The Left’s Chilling Refusal to Stop Flirting With Marxist Ideas
May 5 is Karl Marx’s 200th birthday. Despite a legacy of failure, some proponents say his ideas were correct.
The New York Times just can’t stop talking about communism.
Recently the Times ran an editorial headlined “Happy Birthday, Karl Marx. You Were Right!”
The piece, written by Jason Barker, a professor in South Korea, is about what one would expect from a defense of communism. As one Federalist writer noted, it was “beyond parody.”
Hilariously, the article was behind a very capitalistic paywall.
The New York Times hasn’t shied away from publishing Marxist boosterism.
In 2017, the Times dedicated an entire section of its website to the 100-year anniversary of the communist revolution in Russia. It featured an assortment of absurd pieces running the gamut of declaring Lenin a hero environmentalist to claiming that women had better sex lives under socialism.
This romanticized account of life under communism is a delusion.
Of course, while the most ridiculous claim in the most recent piece is that Marx has somehow proven to be correct, it’s notable it goes a step further to say that essentially nobody questions his fundamental critiques of capitalism.
“While most are in agreement about Marx’s diagnosis of capitalism, opinion on how to treat its ‘disorder’ is thoroughly divided,” Barker wrote.
It seems fair to conclude that actually there is widespread doubt about Marx’s claims about capitalism—unless, of course, one lives in a neatly sealed left-wing bubble.
The fact is, Marx was wrong about everything.
He was wrong about economics, wrong about the flow of history, wrong about religion, wrong about where his ideas would lead, and most importantly, wrong about human nature—which he believed could be reshaped under a communist regime.
If there was one thing that was illuminating about Barker’s piece, it was his description of modern social justice crusades as fundamentally Marxist.
“Social justice movements like Black Lives Matter and #MeToo owe something of an unspoken debt to Marx through their unapologetic targeting of the ‘eternal truths’ of our age,” Barker wrote. “Such movements recognize, as did Marx, that the ideas that rule every society are those of its ruling class and that overturning those ideas is fundamental to true revolutionary progress.”
This is an interesting admission that these movements are essentially “cultural Marxism,” a phrase that the left so oftenstridently claims is a figment of conservative imaginations.
Given the profound failures of and misery created by communism in the past, we probably shouldn’t be too hopeful about the success of its modern iterations.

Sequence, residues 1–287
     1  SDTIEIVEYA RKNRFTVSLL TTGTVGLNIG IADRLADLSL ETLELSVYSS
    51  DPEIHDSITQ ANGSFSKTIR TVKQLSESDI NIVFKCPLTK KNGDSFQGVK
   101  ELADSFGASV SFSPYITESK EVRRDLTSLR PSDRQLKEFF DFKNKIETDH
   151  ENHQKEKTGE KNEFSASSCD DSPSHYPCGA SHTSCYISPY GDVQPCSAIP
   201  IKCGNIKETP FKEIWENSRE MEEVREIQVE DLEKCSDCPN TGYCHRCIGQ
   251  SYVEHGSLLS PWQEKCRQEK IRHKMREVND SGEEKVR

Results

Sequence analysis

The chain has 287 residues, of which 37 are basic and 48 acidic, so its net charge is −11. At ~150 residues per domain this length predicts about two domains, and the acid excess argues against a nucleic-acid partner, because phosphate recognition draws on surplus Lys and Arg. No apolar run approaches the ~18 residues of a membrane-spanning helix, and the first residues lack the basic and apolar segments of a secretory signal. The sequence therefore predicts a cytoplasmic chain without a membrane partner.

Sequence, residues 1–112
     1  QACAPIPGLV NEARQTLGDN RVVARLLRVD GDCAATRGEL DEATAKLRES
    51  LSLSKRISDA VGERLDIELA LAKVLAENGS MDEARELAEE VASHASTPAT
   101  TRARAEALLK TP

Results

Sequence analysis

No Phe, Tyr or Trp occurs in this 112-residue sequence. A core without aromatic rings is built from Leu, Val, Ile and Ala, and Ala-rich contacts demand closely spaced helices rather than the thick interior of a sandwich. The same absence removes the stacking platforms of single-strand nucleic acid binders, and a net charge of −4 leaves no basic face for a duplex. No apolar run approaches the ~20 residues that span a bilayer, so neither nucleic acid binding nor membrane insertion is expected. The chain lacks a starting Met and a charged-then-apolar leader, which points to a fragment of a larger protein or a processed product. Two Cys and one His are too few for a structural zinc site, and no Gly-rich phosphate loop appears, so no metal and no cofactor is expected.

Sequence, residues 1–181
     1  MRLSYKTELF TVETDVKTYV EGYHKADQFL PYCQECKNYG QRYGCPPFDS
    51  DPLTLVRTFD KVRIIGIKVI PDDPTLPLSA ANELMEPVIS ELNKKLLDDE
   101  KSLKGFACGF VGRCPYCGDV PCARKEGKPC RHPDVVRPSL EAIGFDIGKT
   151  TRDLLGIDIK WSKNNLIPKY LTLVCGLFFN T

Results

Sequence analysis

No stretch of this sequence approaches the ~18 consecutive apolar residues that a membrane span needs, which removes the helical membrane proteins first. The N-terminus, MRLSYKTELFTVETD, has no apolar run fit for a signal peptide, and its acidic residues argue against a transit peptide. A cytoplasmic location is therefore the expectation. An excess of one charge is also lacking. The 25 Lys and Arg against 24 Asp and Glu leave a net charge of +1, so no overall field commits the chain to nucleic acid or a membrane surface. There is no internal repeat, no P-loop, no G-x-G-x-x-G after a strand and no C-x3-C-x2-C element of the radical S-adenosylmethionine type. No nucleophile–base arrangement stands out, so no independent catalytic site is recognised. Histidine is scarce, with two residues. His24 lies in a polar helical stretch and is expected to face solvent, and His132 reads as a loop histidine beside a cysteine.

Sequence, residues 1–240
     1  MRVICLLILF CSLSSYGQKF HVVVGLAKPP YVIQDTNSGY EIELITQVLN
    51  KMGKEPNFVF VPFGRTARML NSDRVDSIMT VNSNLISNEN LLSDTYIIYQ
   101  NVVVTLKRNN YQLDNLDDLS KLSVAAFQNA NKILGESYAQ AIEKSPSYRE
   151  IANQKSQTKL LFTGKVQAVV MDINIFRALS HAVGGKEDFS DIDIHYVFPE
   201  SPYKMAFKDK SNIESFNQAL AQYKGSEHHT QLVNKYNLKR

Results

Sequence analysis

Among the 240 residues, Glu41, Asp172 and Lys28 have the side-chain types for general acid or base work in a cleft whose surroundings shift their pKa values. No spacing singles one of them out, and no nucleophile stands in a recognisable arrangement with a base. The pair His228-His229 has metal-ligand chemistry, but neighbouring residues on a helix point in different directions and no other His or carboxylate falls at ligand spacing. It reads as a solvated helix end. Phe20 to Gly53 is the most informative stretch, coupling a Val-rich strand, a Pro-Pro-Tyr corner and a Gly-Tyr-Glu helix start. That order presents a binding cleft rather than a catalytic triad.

Unfortunately, many young people don’t know about the depths of these past failures, or have a skewed idea of what communism means in practice.
We should all worry about the consequences of historical ignorance.
At least Marx could conceivably say that “real communism hasn’t been tried yet.”
His modern proponents don’t have an excuse.
After nearly two centuries of experimentation with Marxist ideas, communism has failed to produce a brotherhood of man or a classless society in which everyone worked in blissful harmony.
Instead, it has produced societies notorious for their cruelty, dysfunction, and violence. It has led to the estimated death toll ofjust under 100 million people in the last century.
One only has to look at the Korean Peninsula to see the astounding difference of a society under communist tyranny and freedom.
As historian Sean McMeekin wrote in his book, “The Russian Revolution”:
Today’s Western socialists, dreaming of a world where private property and inequality are outlawed, where rational economic development is planned by far-seeing intellectuals, should be careful what they wish for … they may just get it.
Communism offers nothing to humanity but suffering and hopelessness.
This is not to say that life under communism was all about starvation and murderous purges.
Even at its least malignant, living under communism’s inevitable system of enforced conformity and equality where decisions are only the purview of government authorities and bureaucratic managers is hardly a system of human flourishing.
This is more akin to living a lifetime stuck in the DMV.
Marx was wrong, hopelessly wrong. His ideas have been tried, tested, and spectacularly failed.
It’s time to leave his legacy on the ash heap of history.